## Introduction:

Poisson’s ratio is the inverse of the ratio of transverse strain to lateral or axial strain in mechanics. It is also the ratio of the total transversal expansion to the amount of axial compression for low values of these changes, and it is named after Simeon Poisson and symbolized by the Greek letter ‘nu’.

“The proportion of transverse contractions strain to longitudinal extension strain in the site of the stretching force,” as defined by Poisson. Here,

- Compressive deformation is regarded as a bad thing.
- Tensile deformation is regarded as a good thing.

**Poisson’s ratio formula =Transverse strain/ Longitudinal strain **

**⇒ ν=−εt/εl**

**where,**

The Lateral or Transverse Strain is what it’s called **εt**

The Longitudinal or Axial Strain is denoted by the letter **εl**

The Poisson’s Ratio is symbolized by **v**

The change in dimension (length, breadth, area, etc.) divided by the original dimension is the strain.

**A brief outline:**

**Effect of Poisson:**

When a material is extended in one direction, it compresses in the opposite direction, and vice versa. The Poisson’s ratio is to measure the magnitude of this occurrence. When a rubber band is stretched, for example, it tends to get thinner.

**Values of Poisson’s ratio for various materials:**

In the direction of the stretching force, it is the ratio of transverse contraction strain to longitudinal extension strain. With the application of force on a body, stress and strain relationships can be formed.

- Poisson’s ratio is positive for tensile deformation.
- It is negative for compressive deformation.

Although the longitudinal strain is positive, the negative Poisson ratio indicates that the material will exhibit positive strain in the transverse direction. Poisson’s ratio is usually in the range of 0 to 0.5 for most materials.

Simply explained, Poisson’s ratio is a measurement of how much a material’s width or diameter changes when it is dragged lengthwise. It is the ratio of the change in lateral (transverse) strain to the change in linear (axial) strain, in more technical language. Pulling a rubber band is the most basic example of this. The rubber band’s width narrows dramatically as it is stretched in one direction. That indicates a high Poisson’s ratio.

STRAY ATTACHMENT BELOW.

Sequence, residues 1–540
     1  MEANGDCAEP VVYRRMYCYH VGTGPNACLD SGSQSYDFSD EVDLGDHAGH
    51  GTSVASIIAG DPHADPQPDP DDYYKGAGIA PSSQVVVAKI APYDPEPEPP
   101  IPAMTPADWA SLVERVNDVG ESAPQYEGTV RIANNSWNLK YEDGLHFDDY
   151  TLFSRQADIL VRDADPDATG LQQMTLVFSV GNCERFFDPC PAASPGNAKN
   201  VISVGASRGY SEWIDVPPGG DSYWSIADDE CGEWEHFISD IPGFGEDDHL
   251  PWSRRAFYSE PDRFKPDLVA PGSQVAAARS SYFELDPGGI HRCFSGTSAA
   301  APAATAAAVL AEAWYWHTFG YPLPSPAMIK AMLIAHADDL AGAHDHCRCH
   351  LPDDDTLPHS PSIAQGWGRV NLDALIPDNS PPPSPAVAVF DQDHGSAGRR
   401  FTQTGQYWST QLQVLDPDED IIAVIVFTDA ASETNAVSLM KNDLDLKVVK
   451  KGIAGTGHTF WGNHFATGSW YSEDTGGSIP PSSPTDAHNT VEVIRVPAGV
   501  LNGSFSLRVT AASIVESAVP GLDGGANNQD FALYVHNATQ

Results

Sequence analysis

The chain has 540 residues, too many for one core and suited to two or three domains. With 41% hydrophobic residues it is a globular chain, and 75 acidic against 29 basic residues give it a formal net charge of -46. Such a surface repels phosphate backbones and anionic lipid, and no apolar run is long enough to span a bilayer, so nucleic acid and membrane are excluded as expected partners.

**Important concepts:**

Poisson’s ratio is a unit less number since it is a statistic of one strain divided by another. Poisson’s ratios of very flexible, low-modulus materials, such as rubber, can be as high as 0.5, whereas Poisson’s ratios of very rigid, high-modulus materials, such as concrete, are often very close to 0. However, some materials have Poisson’s ratios as low as -1, implying that when they are dragged lengthwise, the material’s width or diameter will rise. A Hoberman sphere, which can be obtained at any toy store, is the most relatable instance of this.

**Some Points to Consider Regarding Poisson’s Ratio Value**

- The value of Poisson’s ratio is both a scalar and a dimensionless unitless number.
- It has a positive value for tensile deformation and a negative value for compressive deformation.
- There would be no change in the diameter or width of an object when Poisson’s Ratio approaches zero (0).

**For material, the Poisson’s Ratio is defined as:**

The Poisson’s Ratio is the ratio of a material’s transverse contraction to its longitudinal extension strain in the direction of the stretching force. The stress or strain might be created by the body exerting force on the material. For compressive deformation, the Poisson’s ratio is negative, but for tensile deformation, the Poisson’s ratio is positive. The positive strain is in the transverse direction, according to the negative Poisson’s ratio. For the most part, Poisson’s Ratio is in the range of 0 to 0.5.

Poisson’s Ratio is usually significant since most common materials get narrower in the opposing or cross direction when extended. Most materials resist changes in volume, as defined by the bulk modulus K also known as B, more than changes in shape, as determined by the shear modulus G. The shape distortion also causes the interatomic connections to realign.

**Bending Poisson’s Ratio:**

The Poisson’s Ratio governs the curvature of a bar or plate in the direction perpendicular to the bending. In the circumstance of bending a rubber, the anticlastic curvature is plainly visible.

**Anisotropy and Poisson’s Ratio:**

The physical properties of anisotropic solids, such as honeycombs, single crystals, and various fibrous composites, are affected by the direction in which they are stretched or bent, including the Poisson’s ratio and Elastic Moduli. Because of the huge magnitude of this type of anisotropic material, Poisson’s ratio might be positive or negative.

**Significance of Poisson’s ratio in NEET exam:**

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Also read: **Young’s Modulus**

**FAQ (Frequently asked questions):**

**Question 1: Is Poisson’s Ratio Constant?**

**Answer: **Within elastic limits, Poisson’s ratio for material remains nearly constant.

**Question 2: What is Poisson’s ratio?**

**Answer: **In the orientation of the displacements, the ratio of transverse strain to longitudinal strain.

**Question 3: What are the units of Poisson’s ratio?**

**Answer: **The unit less scalar quantity is Poisson’s ratio.

**Question 4: What are some possible applications of the Poisson effect in the real world?**

**Answer**: These are some examples of how the Poisson effects are used in the real world.

Using “Cork” as a bottle stopper: Due to its extremely low Poisson ratio, cork is the most suited material for use as a bottle stopper. This means that even when heavy compression is applied on both sides of the cork, the cork does not change much. When rubber is employed as a bottle stopper, however, it will stretch laterally if subjected to axial compression, causing the stopper to become trapped in the bottle.